Does the UK housing market benefit from the Stamp Duty Holiday end?
Tom Bill from Knight Frank claims that it was favourable to introduce a Stamp Duty Holiday amid the pandemic but it should not have lasted so long.
Now that the Stamp Duty Holiday is over, most likely its introduction was not a must. It was right of Rishi Sunak to launch the holiday around this time last year but the assumption of its utmost importance to support the UK's economy has not been confirmed - which is a nice thing in fact.
It is questionable that we would have seen the same boosted activity in the property market over the last year if there had not been a holiday. However, most likely that it would still be considered as an impressive year relative to the original expectations.
Built over 5 years of political uncertainty caused by Brexit, the frustrated demand was released by the December 2019 general election. The early covid stages slowed down this process but it was boosted afterward by people reevaluating their homes in the time of back-to-back lockdowns. Then the Stamp Duty Holiday followed by.
The holiday is advantageous in terms of envigorating the economy while its six-month extension is arguable.
On the other hand, the March 3 Budget was a time of evident uncertainly. Schools were still closed and more than two thirds of the British had not received their first vaccination yet. Thus the extended Stamp Duty Holiday was welcomed by those who needed it the most.
The taper's introduction appeared to be possibly more important than the extension itself. It indicated that the government had been concerned about pressures on the conveyancing system and meant it avoided news on buyers missing the deadline through no fault of their own. Nevertheless, a 3-months extension followed by a 3-month taper was arguably excessive.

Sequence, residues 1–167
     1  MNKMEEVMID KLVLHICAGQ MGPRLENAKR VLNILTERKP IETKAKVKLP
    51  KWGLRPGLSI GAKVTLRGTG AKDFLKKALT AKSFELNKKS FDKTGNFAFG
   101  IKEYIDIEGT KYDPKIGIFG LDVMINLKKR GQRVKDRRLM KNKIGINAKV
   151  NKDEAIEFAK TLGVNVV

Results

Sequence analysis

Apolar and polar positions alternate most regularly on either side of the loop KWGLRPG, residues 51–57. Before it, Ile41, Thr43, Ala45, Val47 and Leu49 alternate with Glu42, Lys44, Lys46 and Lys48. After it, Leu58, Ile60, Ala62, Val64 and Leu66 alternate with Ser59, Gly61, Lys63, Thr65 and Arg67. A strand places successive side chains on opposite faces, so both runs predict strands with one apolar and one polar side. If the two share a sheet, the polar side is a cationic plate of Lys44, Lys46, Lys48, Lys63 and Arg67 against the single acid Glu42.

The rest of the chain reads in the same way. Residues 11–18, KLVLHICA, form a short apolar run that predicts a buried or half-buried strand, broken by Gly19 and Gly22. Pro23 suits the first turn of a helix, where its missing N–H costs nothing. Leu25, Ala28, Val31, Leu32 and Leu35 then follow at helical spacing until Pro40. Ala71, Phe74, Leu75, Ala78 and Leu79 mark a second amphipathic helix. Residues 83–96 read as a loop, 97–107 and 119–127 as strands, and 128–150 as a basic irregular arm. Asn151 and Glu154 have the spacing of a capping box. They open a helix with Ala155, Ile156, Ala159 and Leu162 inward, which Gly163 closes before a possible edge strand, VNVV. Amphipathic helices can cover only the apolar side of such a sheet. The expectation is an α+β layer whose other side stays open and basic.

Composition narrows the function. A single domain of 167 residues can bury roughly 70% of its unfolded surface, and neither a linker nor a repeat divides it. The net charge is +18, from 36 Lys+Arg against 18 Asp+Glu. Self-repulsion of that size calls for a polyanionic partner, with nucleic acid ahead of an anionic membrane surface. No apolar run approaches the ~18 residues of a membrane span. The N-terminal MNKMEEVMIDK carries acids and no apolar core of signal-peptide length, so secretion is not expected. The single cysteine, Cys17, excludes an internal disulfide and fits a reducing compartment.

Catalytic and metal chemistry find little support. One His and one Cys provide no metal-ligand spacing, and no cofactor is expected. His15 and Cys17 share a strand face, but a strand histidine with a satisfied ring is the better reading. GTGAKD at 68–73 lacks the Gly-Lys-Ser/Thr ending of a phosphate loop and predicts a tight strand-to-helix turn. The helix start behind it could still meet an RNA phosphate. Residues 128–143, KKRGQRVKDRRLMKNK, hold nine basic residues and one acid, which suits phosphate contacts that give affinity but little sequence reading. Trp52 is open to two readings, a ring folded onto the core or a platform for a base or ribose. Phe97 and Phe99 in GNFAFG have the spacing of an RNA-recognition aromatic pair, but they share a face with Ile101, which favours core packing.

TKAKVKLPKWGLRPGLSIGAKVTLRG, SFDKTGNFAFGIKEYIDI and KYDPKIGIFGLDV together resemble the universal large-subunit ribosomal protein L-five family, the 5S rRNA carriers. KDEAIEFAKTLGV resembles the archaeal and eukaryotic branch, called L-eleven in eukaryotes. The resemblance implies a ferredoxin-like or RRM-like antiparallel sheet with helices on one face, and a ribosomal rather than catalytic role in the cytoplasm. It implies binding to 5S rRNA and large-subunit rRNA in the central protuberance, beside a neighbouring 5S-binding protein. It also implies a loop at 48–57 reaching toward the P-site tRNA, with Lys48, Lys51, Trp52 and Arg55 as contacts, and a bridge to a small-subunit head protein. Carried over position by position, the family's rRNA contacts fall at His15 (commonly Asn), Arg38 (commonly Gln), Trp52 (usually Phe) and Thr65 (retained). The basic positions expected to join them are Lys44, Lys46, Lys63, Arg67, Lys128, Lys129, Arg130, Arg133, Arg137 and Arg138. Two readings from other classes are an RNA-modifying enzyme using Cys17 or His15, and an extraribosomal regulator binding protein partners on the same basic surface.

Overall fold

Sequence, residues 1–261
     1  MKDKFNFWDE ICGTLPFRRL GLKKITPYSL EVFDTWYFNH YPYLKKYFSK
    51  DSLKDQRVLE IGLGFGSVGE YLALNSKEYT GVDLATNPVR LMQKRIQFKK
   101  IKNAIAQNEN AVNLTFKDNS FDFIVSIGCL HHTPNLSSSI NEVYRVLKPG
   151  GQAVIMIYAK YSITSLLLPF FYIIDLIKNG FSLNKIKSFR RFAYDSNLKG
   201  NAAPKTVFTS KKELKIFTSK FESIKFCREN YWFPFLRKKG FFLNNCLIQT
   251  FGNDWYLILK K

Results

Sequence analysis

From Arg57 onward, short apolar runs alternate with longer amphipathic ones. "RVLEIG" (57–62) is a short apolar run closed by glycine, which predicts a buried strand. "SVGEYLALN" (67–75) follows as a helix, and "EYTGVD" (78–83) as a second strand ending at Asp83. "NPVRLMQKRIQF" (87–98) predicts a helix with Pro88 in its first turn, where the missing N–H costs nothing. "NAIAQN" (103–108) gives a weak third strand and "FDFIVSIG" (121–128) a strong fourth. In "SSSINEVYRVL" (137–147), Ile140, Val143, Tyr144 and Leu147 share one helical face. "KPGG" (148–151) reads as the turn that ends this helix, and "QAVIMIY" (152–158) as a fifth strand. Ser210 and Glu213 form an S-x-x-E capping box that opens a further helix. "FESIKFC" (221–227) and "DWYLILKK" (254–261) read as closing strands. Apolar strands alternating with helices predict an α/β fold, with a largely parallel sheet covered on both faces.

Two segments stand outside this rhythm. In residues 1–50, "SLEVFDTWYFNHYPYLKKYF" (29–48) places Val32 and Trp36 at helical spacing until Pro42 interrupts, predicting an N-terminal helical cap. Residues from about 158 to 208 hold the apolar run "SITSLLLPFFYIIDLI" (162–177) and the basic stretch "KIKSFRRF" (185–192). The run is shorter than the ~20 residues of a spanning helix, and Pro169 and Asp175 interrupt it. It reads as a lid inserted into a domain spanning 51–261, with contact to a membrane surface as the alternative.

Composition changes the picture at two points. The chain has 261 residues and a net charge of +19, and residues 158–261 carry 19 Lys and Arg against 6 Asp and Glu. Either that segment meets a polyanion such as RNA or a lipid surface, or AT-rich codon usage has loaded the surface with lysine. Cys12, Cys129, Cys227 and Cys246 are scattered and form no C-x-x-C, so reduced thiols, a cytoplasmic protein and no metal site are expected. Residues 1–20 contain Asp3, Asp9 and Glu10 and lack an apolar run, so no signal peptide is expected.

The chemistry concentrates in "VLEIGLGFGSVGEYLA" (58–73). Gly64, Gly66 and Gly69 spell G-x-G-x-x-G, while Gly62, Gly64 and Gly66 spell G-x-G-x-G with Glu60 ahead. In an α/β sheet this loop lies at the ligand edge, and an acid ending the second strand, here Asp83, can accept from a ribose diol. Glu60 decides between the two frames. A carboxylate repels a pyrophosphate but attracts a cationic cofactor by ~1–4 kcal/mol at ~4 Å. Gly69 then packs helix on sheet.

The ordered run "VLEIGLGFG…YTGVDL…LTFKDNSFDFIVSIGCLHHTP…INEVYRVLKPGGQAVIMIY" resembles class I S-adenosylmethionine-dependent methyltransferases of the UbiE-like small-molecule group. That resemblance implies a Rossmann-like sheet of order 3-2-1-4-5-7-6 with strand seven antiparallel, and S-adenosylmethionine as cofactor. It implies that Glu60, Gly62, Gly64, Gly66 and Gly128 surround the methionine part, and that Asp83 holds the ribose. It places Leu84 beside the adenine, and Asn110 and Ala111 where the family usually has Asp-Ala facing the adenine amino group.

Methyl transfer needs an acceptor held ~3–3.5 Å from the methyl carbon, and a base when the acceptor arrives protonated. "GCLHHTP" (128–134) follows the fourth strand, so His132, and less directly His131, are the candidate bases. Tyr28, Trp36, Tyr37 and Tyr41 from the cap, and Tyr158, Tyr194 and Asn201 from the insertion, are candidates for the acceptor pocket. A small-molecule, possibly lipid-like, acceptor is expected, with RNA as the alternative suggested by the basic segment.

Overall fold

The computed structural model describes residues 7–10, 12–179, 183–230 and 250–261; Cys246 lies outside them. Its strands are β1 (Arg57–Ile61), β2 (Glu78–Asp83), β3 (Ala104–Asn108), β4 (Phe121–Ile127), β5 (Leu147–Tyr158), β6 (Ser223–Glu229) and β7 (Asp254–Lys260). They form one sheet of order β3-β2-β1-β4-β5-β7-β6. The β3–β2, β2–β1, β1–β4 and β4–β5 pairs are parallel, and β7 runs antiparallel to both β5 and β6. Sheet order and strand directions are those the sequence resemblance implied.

At this time the UK house price increase was insignificant to some extent. However, the growth had been above 5 per cent for seven months with the Stamp Duty Holiday already altering the sales patterns.
The UK house transactions hit a record high in March with more money spent over the year than since before the global financial crisis. A significant fall in sales volumes was noted in April as expected comparable to the introduction of a 3 per cent Stamp Duty surcharge for second home-owners in 2016. That made it challenging to determine the real state of the market.
In addition to the creation of unnaturally short-time transactions, the Stamp Duty holiday also scared people away from hitting the market. Matters as overloaded conveyancing solicitors, sealed bids, tax deadlines, and a shortage of removals vans will worsen already-low supply and result in even higher prices.
There was no usual increase in supply after Christmas this year as there was ambiguity over new variants and a lot of families home-schooling. Uncertainty of meeting the initial Stamp Duty Holiday deadline became an extra reason not to put your home on sale.
New supply is indicated by market appraisals which generally build during the Q1 of the year. From 2009 to 2019 the number of appraisals only dropped once in 2016 prior to the implementation of a 3% stamp duty surcharge in April. Such sellers' uncertainty emphasises people's need for stability regardless of any discussions on a transaction-based tax.
Similar to increasing interest rates, a complete Stamp Duty Holiday end will result in a financial hit. However, it will also mean a return to a normal life. Decent levels of activity are expected to be seen in Britain's property market over the next six months. Unsatisfied demand, growing supply, and an unexpectedly strong labour market are going to contribute to that.